Down at VisionCare in East Lansing, it's not 13-month-old Leyna Reck accompanying her mother Teri Quimby on an eye exam. It's the other way around.
"In my family I have a lot of near-sightedness. So I wanted to make sure her eyes are healthy."
According to optometrist Dr. Sarah Knapp, "A child cannot tell a parent when they have a visual problem. They don't understand what seeing clearly is. And they cannot communicate that they cannot see."
So Dr. Knapp says getting children between the ages of six months and four years to the eye doctor can prevent possible learning problems before they head to school.
"By the time we're noticing reading delays, it's because a child isn't doing well in first, second, or third grade. And this could have possibly been identified as early as kindergarten."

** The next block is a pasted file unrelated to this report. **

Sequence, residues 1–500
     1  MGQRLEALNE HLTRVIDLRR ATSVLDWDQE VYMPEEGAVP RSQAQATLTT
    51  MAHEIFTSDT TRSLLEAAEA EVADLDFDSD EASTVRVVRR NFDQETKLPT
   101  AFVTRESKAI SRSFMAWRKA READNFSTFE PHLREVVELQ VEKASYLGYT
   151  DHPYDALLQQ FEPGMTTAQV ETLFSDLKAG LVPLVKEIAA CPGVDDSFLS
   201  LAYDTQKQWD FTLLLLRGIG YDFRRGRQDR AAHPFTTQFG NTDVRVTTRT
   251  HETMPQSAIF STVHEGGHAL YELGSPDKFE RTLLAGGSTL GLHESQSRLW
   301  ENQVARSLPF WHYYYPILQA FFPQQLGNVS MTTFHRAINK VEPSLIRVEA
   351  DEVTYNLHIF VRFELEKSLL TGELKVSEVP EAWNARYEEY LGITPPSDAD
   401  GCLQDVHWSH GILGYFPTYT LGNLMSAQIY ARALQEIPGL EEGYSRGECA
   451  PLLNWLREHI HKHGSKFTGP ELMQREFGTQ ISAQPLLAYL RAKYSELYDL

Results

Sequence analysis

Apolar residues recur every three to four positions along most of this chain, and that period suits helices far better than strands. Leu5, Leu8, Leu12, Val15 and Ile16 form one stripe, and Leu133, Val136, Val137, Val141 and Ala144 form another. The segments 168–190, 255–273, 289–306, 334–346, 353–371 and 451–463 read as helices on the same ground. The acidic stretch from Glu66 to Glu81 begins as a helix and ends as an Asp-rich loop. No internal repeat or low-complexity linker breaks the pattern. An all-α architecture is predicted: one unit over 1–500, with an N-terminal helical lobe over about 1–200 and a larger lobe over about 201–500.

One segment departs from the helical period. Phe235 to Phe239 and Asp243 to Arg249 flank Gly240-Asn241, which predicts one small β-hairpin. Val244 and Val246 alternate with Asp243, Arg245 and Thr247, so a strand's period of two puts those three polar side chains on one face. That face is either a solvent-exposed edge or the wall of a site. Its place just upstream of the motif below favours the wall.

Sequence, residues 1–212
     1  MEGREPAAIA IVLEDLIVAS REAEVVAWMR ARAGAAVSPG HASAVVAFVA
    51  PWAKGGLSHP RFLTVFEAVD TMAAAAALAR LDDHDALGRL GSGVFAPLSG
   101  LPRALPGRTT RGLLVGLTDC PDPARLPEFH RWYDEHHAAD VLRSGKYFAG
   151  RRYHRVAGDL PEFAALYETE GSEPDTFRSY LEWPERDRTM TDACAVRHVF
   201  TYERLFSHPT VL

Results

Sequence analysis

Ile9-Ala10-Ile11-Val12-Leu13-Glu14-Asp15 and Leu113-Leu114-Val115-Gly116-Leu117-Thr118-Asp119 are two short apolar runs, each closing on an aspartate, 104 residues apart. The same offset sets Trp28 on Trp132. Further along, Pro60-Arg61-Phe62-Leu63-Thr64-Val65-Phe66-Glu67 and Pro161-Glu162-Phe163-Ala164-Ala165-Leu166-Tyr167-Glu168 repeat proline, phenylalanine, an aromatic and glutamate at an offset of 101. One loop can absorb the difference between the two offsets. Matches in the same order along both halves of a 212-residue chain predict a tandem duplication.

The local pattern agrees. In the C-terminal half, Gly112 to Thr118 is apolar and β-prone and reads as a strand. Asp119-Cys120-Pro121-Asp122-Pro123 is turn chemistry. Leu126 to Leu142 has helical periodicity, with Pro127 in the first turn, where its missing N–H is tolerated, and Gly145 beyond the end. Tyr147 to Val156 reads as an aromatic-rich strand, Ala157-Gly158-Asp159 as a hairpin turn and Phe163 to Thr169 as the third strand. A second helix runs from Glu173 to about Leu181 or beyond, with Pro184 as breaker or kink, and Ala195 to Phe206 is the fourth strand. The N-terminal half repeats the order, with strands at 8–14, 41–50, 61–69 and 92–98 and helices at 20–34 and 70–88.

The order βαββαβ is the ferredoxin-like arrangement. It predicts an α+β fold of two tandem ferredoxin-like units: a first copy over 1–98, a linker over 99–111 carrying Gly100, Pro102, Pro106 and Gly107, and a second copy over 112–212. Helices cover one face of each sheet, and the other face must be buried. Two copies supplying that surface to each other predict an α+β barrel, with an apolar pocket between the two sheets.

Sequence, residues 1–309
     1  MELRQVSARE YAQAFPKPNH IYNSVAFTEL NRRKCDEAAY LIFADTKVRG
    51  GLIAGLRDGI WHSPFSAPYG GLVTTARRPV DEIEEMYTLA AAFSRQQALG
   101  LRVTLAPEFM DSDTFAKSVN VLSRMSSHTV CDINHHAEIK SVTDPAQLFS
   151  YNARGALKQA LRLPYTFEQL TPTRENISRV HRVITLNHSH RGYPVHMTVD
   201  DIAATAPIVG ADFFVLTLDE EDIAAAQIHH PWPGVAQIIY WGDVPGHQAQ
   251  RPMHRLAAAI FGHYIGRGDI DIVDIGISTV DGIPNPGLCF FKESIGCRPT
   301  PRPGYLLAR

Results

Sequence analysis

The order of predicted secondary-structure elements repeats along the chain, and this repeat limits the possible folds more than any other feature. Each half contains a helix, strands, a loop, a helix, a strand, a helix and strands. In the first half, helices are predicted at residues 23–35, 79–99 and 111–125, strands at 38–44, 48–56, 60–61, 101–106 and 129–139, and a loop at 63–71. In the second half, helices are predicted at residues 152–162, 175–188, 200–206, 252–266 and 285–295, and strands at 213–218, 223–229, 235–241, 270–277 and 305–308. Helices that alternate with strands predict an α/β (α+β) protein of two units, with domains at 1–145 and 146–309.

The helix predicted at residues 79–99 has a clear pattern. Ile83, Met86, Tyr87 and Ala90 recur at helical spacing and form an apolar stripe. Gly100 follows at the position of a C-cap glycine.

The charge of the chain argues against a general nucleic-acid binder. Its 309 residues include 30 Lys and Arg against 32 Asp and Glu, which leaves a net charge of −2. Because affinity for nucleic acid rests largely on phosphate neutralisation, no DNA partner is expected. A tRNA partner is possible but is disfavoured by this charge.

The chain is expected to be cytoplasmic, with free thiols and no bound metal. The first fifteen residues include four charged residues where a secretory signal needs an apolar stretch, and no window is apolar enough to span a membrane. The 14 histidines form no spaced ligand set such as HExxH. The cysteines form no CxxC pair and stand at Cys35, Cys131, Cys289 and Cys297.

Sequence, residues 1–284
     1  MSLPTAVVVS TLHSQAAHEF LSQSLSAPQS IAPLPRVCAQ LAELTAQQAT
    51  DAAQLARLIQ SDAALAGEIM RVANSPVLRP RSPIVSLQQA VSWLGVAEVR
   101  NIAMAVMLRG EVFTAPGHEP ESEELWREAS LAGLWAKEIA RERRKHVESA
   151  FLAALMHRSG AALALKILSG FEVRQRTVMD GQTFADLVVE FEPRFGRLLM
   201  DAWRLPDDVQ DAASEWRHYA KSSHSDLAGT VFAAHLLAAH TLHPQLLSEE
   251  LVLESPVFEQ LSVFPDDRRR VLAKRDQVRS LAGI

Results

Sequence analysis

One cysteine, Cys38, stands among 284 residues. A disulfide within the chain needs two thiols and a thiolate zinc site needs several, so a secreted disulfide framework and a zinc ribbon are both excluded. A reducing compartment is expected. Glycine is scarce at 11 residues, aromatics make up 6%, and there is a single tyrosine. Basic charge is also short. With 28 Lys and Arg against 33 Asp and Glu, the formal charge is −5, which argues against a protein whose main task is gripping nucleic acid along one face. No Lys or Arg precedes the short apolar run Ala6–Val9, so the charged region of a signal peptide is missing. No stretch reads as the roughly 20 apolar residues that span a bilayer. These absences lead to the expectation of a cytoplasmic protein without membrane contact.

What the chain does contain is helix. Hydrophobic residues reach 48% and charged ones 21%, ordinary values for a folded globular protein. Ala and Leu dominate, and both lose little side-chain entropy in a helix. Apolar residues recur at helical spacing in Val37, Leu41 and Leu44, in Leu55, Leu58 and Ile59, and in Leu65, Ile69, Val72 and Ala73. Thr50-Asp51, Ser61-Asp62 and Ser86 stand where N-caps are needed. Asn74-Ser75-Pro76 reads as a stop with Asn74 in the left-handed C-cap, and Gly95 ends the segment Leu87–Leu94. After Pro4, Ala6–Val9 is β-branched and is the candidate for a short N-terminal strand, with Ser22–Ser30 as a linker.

Optometrist Dr. Vincent Riemer says even though children like Leyna may be very young, the vision screening is similar to that of an adult.
"We're checking to see how the eyes team together. We're checking to see even vision. When she picked up the little piece, if she couldn't see it she probably wouldn't even react."
Still Dr. Riemer reminds parents that it's important to have children's eyes checked every year he or she is in school, despite the fact that the last appointment may have turned out fine.
"We've had some patients that change every three to six months if they're really going through a growth spurt."
As part of a national program called InfantSee, VisionCare is offering free vision screenings for babies six to twelve months. To set up an appointment, call (517)337-8182. And for more information log on to www.visionsource-visioncare.com.